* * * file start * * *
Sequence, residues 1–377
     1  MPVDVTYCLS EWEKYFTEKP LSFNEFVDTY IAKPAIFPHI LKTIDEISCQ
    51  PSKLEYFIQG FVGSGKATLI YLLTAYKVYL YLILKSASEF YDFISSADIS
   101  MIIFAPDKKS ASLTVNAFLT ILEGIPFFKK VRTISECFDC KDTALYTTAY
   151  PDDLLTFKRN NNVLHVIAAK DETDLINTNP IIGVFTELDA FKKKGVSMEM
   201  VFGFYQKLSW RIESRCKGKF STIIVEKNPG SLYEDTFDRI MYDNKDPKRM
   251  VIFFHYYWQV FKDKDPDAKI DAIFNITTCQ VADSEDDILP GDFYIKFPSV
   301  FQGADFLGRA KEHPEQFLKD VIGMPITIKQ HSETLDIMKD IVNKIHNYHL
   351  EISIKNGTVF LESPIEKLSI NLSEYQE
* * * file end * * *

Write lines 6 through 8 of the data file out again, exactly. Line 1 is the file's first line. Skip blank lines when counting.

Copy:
   201  VFGFYQKLSW RIESRCKGKF STIIVEKNPG SLYEDTFDRI MYDNKDPKRM
   251  VIFFHYYWQV FKDKDPDAKI DAIFNITTCQ VADSEDDILP GDFYIKFPSV
   301  FQGADFLGRA KEHPEQFLKD VIGMPITIKQ HSETLDIMKD IVNKIHNYHL